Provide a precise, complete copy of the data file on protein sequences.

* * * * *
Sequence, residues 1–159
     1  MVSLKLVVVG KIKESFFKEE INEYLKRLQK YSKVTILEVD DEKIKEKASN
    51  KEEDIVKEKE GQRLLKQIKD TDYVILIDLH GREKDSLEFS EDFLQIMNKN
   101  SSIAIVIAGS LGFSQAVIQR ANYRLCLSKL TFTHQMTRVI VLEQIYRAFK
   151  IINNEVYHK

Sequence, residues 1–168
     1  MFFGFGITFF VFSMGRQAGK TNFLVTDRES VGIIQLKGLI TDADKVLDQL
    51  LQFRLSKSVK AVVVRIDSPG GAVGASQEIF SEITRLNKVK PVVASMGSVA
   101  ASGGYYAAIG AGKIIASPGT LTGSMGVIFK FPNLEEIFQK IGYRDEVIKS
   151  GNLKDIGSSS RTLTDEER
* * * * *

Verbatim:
Sequence, residues 1–159
     1  MVSLKLVVVG KIKESFFKEE INEYLKRLQK YSKVTILEVD DEKIKEKASN
    51  KEEDIVKEKE GQRLLKQIKD TDYVILIDLH GREKDSLEFS EDFLQIMNKN
   101  SSIAIVIAGS LGFSQAVIQR ANYRLCLSKL TFTHQMTRVI VLEQIYRAFK
   151  IINNEVYHK

Sequence, residues 1–168
     1  MFFGFGITFF VFSMGRQAGK TNFLVTDRES VGIIQLKGLI TDADKVLDQL
    51  LQFRLSKSVK AVVVRIDSPG GAVGASQEIF SEITRLNKVK PVVASMGSVA
   101  ASGGYYAAIG AGKIIASPGT LTGSMGVIFK FPNLEEIFQK IGYRDEVIKS
   151  GNLKDIGSSS RTLTDEER